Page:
Consolidators: Auto Glass Now Opens Two New Locations
Choosing a consultant for you and your company’s needs is like picking out a pair of shoes – you want one that fits the need you’re seeking and is comfortable to wear for long periods.
If you’re thinking about hiring a consultant, first, ask yourself if you’ve ever said, “I might need a consultant.” If you have, then you likely need one, even if only to assist you for a short time for a specific purpose.
If you desire to take yourself and your business to the next level, you may just need a consultant. The collision industry is full of “ex-bodymen with body shops” and not enough “businesspeople with collision centers,” which is why those professionals with business and insurance experience have been able to take unfair advantage of so many others who don’t possess the business acumen needed to survive…let alone thrive.
Choosing a Consultant
Choosing a consultant for you and your company’s needs is like picking out a pair of shoes. You want one that fits the need you’re seeking (i.e. marketing/brand development, improvement in production/efficiency, management, general business practices, sales, personnel/human resources, etc.) and is comfortable to wear for long periods.
However, not all consultants are a good fit. For example, Auto Damage Experts (ADE) offers repairer coaching and consulting for a specific type of owner/manager who possesses certain characteristics we believe are necessary to be successful. Our success is directly attributed to our clients’ success, and as such, not every repairer may meet our criteria.
There are numerous industry consultants available, and, like everything else (including shoes), there are those who offer the highest level of performance and those who offer, well, not-so-much.
The first step is to determine what it is you seek to achieve. Once you have an idea, it’s time to start asking for referrals from industry professionals and colleagues via social media sites where those you respect may see your inquiry.
You should also reach out to industry associations (state and national) and trade magazines (BodyShop Business) and ask for referrals and contact information of people you may want to interview.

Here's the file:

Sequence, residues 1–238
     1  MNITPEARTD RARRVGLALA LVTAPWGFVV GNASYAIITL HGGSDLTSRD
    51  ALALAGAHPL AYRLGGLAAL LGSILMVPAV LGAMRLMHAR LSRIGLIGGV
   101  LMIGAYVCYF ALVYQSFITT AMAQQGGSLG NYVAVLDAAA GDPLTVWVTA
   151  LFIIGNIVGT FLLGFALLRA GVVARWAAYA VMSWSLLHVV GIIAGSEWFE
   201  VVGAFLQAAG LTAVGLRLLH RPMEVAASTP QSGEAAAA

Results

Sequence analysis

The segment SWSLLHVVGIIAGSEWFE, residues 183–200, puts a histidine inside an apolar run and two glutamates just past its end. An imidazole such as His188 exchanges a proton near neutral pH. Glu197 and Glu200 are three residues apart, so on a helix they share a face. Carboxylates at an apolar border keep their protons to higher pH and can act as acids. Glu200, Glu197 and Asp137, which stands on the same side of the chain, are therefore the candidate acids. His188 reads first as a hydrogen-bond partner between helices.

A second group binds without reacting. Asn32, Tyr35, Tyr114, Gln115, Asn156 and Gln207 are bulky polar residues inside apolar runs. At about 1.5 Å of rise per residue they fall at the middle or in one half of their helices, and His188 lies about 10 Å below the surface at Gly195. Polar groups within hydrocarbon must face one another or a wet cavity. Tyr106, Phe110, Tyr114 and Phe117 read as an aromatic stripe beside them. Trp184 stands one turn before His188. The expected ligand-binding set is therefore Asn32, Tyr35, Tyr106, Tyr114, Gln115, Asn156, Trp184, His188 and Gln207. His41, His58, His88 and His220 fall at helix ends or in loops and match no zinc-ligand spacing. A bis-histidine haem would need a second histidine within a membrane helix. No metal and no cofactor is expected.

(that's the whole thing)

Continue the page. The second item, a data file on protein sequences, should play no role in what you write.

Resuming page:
Next in the process is to make contact with the various candidates and speak with them, ask questions, take notes and, if interested in learning more about them and their services, ask for additional information (programs, agreements, commitment, fee structure, etc.).
Make notes of your impressions and, if you like what you heard and it seems as though that consultant may offer what you’re seeking, ask them for current and past clients as references.
Note: Not all clients are good clients, so read between the lines when speaking with them. For example, I joined a local gym once and all I got out of my annual fee was a lousy T-shirt which I never wore because it was too tight! Of course, after joining, I only went back to work out once…so who’s to blame for my failure?
Contact one or more of the consultant’s references and ask for a list of prepared questions and make notes of your findings, including the positives and negatives. Do this for each person contacted. Ask them how the relationship provided them benefits and if they’re still enjoying those benefits today and, if not, why?
Once you have concluded your calls for a specific consultant, do what has been referred to as the “Ben Franklin method” of decision-making. On a blank piece of paper, draw a line down the center of it and, at the upper left, write “Pros” and on the upper right, write “Cons.” Begin to list the positives under “Pros” and any negatives under the “Cons” column. You can also rate your degrees of thoughts on a scale from 1 to 10 if you wish. (Google this for more information on the process).
Do this for each consultant candidate and, when completed, find quiet time and sit down and compare them to determine which you feel fits best with your personality, your business experience, and your specific desires and business goals.
Once you make this important selection, the next step is to commit the time and resources and start the process.
It’s a Process
Understand that generally speaking, working with a consultant is a process and often requires time you may find hard to carve out of your already busy schedule, but you must remember, that like a tool, the only way to get any return from your investment is by using it effectively and timely. The likelihood is, that over time, the results will garner you more time to enjoy the greater profits derived from your decision and efforts.
Remember, “It’s not about doing one thing 100-percent better, it’s about doing one hundred things 1 percent better…and doing it consistently.”
I look forward to more questions and offering my input to help make this industry better.